My brothers in war! I love you from the very heart. I am, and was ever, your counterpart. And I am also your best enemy.

So let me tell you the truth! I know the hatred and envy of your hearts. You are not great enough not to know of hatred and envy. Then be great enough not to be ashamed of them!

And if you cannot be saints of knowledge, then, I pray you, be at least its warriors. They are the companions and forerunners of such sainthood.

I see many soldiers; could I but see many warriors! "Uniform" one calls what they wear; may that which it hides not be uniform! You shall be those whose eyes ever seek for an enemy - for your enemy.

And with some of you there is hatred at first sight. Your enemy shall you seek; your war shall you wage, and for the sake of your thoughts!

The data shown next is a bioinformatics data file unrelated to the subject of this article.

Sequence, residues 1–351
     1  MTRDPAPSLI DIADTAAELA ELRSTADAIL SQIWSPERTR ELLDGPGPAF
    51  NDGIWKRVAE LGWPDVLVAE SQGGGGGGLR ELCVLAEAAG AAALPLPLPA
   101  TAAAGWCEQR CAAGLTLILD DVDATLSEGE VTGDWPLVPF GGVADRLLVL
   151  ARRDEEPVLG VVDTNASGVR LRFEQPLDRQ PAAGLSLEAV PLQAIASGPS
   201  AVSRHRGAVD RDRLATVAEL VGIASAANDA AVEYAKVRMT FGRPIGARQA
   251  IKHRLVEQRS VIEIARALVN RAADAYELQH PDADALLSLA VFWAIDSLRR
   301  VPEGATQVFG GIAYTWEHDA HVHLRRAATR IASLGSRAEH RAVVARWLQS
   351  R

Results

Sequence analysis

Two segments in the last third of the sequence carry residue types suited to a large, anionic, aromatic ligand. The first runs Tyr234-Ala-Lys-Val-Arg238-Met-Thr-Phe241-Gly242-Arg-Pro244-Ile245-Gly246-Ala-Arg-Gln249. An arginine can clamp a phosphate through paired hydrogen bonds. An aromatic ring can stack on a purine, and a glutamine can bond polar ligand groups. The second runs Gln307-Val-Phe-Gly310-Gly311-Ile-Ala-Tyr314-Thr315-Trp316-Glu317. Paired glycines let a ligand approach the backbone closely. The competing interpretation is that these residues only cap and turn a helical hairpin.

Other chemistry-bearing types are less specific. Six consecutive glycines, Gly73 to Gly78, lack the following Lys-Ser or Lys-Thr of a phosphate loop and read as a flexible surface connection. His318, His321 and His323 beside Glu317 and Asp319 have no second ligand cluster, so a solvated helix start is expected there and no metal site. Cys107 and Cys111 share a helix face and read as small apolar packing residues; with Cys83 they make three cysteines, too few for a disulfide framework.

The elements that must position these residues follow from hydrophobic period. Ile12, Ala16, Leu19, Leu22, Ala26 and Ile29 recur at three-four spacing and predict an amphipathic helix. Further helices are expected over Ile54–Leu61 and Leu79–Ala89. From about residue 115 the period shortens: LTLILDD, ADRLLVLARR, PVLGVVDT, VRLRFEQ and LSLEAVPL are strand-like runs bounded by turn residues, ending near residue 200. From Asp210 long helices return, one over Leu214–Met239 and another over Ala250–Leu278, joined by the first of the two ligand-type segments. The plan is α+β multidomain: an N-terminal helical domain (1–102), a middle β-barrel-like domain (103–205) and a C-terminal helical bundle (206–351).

And if your thoughts succumb, your uprightness shall still shout triumph thereby! You shall love peace as a means to new wars - and the short peace more than the long. You I advise not to work, but to fight. You I advise not to peace, but to victory. Let your work be a fight, let your peace be a victory!

One can only be silent and sit peacefully when one has bow and arrow; otherwise one chatters and quarrels. Let your peace be a victory!

You say it is the good cause which sanctifies even war?

I say to you: it is the good war which hallows every cause. War and courage have done more great things than charity. Not your sympathy, but your bravery has thus far saved the victims.

"What is good?" you ask. To be brave is good. Let the little girls say: "To be good is what is pretty, and at the same time touching."

They call you heartless: but your heart is true, and I love the bashfulness of your goodwill.